By the time all eight levels of the multiplication of homeowner wealth are put together, we have something amazing. The best way of creating wealth over time is the multiplication of wealth. Eight levels of multiplication are much more powerful than one level, and it is indeed all eight levels working together that explain why about half the net worth of two thirds of the population is found in their home equity.

However, there is also a problem that comes with this. The "problem" - which as problems go is a very good one to have - is that the increases in homeowner wealth are coming in from so many different directions that it becomes difficult to keep track of them all. The relative importance  of the factors can vary quite a bit at different times, and for someone who is considering buying a home, whether to live in or as an investment, it is really helpful to be able to understand just where the gains have actually come from, and how reliable each of the sources have been.

Chapter 5 is devoted to the solution for the "problem" and that is the creation of a wealth map that visually shows the eight levels of the multiplication of wealth, with the surface area of each source showing its relative importance. For someone who bought an average home in 1975 with an 80% LTV mortgage, their home equity would have increased by 40 times by 2019 if they had experienced national average homeownership results. A wealth map is developed to visually show where every dollar of that remarkable forty-to-one increase actually came from.

Wealth maps and the eight levels of the multiplication of wealth are used for much shorter time periods in Chapter 6. Every component of the national average outcome of home equity almost doubling in the first three years of homeownership can now be clearly seen and understood, as well as the tripling in seven years and the quadrupling in ten years.

While the great majority of the American homeownership experience has been very positive - that has not always been true. Chapter 7 is entirely devoted to negative real market value changes, with a particular focus on the "worst of the worst", for those who bought homes near the peak of the housing bubble and were then hit by the financial crisis of 2008. The ability of the first four levels of wealth multiplication to effectively overpower real market value losses 80% of the time is also examined, as well as the 100% effectiveness in doing so on a national average basis for years not involving the peak of the bubble or the aftermath of the financial crisis.

Chapter 8 is all about the full details of eight different ways of "winning the lottery". Eight wealth maps show eight different ways the eight levels of the multiplication of wealth historically came together to produce a national average outcome of home equity increasing by about the original purchase price of the home, in just the first ten years of homeownership.

The final two chapters of the book take all that was learned through the intensive study of decades of information about how homeowner wealth was actually created in practice in the past, and use that information to explore some possibilities for the future.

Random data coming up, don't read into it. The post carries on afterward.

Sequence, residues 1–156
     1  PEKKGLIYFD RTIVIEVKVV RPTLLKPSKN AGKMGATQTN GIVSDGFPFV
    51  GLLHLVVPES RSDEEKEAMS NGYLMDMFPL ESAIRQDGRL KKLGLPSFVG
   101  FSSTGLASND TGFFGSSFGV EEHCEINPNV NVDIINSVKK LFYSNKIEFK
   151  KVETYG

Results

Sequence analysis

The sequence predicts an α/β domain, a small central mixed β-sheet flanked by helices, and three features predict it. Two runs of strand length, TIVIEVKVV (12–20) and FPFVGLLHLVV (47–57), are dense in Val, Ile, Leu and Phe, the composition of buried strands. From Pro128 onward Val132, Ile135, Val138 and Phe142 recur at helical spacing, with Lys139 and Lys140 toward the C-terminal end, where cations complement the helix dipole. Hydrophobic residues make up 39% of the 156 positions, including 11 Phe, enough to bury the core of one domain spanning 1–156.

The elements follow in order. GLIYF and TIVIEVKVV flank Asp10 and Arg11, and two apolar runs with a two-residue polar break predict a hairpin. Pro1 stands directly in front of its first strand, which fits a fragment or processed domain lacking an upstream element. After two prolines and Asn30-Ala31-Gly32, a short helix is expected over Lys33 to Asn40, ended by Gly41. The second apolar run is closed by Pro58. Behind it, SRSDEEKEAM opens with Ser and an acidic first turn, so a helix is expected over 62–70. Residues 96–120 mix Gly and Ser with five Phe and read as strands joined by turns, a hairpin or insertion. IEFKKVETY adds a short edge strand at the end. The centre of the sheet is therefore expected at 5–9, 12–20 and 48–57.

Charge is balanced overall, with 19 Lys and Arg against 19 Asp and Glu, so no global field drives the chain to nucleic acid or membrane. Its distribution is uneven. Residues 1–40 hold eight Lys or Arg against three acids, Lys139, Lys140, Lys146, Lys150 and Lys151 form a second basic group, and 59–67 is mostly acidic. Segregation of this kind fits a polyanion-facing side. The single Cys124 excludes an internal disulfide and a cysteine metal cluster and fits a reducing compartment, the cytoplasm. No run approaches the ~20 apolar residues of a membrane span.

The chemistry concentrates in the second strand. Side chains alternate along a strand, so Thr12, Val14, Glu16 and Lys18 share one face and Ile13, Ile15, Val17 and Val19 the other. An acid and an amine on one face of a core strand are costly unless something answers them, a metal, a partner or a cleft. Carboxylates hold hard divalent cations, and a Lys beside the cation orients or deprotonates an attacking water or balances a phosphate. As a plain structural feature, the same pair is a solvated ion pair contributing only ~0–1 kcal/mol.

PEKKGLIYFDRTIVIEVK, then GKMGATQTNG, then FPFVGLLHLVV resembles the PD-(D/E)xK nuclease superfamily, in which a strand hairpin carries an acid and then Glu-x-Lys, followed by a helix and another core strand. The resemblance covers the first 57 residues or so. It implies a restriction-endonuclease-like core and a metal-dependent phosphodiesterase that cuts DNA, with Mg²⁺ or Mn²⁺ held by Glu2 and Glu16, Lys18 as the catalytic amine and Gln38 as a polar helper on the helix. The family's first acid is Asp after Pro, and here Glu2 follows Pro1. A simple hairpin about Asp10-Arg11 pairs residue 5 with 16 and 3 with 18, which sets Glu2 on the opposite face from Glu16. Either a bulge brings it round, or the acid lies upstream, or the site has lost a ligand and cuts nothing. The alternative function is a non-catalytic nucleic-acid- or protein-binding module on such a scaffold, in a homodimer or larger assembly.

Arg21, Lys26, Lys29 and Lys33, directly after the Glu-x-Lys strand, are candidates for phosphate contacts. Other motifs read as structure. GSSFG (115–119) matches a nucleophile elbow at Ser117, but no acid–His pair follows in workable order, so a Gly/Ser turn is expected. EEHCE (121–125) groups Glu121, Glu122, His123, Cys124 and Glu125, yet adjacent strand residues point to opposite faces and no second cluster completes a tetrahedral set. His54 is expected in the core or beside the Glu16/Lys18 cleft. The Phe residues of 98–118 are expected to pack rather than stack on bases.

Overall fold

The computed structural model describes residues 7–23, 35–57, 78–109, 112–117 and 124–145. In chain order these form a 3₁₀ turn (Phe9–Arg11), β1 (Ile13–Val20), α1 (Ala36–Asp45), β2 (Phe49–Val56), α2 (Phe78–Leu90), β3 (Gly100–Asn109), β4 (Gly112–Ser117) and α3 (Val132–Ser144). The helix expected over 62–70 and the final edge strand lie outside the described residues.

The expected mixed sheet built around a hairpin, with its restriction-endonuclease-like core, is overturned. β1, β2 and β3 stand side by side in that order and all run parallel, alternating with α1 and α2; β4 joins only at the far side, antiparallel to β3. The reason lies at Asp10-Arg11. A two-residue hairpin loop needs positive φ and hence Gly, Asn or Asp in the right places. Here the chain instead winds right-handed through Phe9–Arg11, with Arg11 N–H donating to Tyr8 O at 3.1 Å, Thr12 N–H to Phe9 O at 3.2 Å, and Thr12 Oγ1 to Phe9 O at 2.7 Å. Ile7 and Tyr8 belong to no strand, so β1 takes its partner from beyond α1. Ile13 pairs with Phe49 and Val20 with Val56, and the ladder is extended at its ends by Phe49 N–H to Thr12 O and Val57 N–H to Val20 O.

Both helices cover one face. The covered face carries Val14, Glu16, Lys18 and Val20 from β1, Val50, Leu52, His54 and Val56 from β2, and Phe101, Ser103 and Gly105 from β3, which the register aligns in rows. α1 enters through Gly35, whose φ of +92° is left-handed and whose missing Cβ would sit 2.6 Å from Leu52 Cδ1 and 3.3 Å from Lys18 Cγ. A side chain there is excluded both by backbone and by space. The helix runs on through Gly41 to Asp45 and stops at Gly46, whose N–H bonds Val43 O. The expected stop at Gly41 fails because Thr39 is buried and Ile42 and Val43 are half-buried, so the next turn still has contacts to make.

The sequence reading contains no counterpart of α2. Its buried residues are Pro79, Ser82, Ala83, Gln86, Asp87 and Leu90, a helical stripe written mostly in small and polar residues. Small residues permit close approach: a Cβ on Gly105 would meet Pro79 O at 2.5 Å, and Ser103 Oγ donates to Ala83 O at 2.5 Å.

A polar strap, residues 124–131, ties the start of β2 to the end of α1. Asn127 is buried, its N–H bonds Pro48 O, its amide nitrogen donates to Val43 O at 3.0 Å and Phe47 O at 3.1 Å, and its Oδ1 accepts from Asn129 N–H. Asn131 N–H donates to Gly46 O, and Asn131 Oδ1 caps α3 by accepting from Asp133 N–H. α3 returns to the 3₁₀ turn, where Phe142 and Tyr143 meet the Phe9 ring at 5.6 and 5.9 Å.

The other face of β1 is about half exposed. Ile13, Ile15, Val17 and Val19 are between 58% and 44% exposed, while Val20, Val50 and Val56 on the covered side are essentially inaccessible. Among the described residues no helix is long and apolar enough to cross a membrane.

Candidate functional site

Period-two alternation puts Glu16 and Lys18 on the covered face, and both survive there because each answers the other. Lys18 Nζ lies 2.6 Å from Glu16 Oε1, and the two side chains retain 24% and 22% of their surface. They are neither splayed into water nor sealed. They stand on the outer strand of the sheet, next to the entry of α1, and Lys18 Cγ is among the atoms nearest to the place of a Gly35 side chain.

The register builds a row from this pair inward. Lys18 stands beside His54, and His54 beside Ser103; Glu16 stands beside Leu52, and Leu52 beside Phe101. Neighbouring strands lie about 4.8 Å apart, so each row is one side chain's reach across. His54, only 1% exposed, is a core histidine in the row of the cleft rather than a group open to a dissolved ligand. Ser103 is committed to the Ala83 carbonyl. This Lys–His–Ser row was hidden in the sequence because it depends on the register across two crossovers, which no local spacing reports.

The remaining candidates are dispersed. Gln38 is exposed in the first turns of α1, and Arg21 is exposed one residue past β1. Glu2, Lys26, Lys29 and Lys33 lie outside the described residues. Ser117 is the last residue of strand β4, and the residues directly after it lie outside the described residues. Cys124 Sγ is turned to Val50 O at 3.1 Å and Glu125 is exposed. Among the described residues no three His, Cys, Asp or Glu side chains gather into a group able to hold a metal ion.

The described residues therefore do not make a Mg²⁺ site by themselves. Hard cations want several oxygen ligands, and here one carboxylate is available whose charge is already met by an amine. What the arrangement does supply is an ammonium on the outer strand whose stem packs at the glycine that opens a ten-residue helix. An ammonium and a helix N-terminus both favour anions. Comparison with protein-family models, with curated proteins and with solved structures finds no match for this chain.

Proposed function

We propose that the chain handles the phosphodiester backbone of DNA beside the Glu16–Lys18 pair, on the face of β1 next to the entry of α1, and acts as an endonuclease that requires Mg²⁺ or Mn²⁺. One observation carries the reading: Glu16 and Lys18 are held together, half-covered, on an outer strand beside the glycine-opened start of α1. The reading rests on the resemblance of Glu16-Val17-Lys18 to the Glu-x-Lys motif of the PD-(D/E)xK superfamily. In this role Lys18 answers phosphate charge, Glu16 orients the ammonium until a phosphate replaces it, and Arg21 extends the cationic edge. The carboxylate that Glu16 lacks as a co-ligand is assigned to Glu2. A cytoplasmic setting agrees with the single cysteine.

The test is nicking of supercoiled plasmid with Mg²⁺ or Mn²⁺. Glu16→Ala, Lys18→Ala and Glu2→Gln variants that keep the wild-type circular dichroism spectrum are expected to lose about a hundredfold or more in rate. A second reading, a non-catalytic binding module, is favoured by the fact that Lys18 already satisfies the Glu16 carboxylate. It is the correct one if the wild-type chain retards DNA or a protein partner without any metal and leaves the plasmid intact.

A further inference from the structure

Chapter 9 focuses on the inflationary dangers that are created by a very large national debt, and considers three scenarios for low, medium and high inflation that could end up being the result of the soaring national debts in the United States and other nations. The scenarios begin with looking at how higher rates of inflation benefit the government even while financially devastating savers.

Focusing just on inflation and the first four levels of the multiplication of wealth, the future wealth maps take that same information about the national debt, and show how to take that destruction of the value of savings and flip it into some of the most lucrative increases in home equity that we have ever experienced, as inflation is multiplied and turned into wealth. Indeed, assuming a 9% annual rate of inflation over the long term, we will track the exact dollars to map out how an eventual 92.5% destruction of the value of the dollar can be flipped into a 65 to 1 increase in home equity.

As established in Book 1 and further developed in this Book 2, the historical evidence is overwhelming that owning a home with a mortgage is the single best defense against inflation that is available to the average person. This is critical information for homeowners - and it is also critical information for investors who are concerned about the national debt and are seeking protection from inflation.

Chapter 10 adds in the factors of a growing population, as well as very low interest rates and the increasing concentration and density of population in some areas of the country. If these long term trends increase real market values over the coming decades at the same time that the national debt is sending inflation rates jumping upwards - then there is a multiplication of a multiplication that reverberates through the levels of the multiplication of wealth.

This effective multiplication of the impact of the growth in the national debt times the impact of the growth in population has the potential to set off an upwards explosion in homeowner equity. As can be seen in the final wealth map, the second and third levels of wealth multiplication from Book 1 combine with the seventh and eighth levels of wealth multiplication from this Book 2, and those four wealth multipliers all acting together could create what would be by far the largest profits for homeowners (and investors) that we have ever seen, with $45,000 becoming $4.5 million over the long term in the final scenario. This could make the buy-versus-rent decision the single most important financial decision of a lifetime, perhaps making the difference between prosperity and poverty for millions of people.

Before we get to the eight ways the homeowner “lottery” has been won in the past, or mapping out the dollar mechanics of how a soaring national debt can create explosive increases in home equity in the future, we need to first develop and understand the fifth through eighth levels of the multiplication of homeowner wealth. We will start in the next chapter by learning how to see through an illusion that fools most homeowners (and most investors too).

Book Cover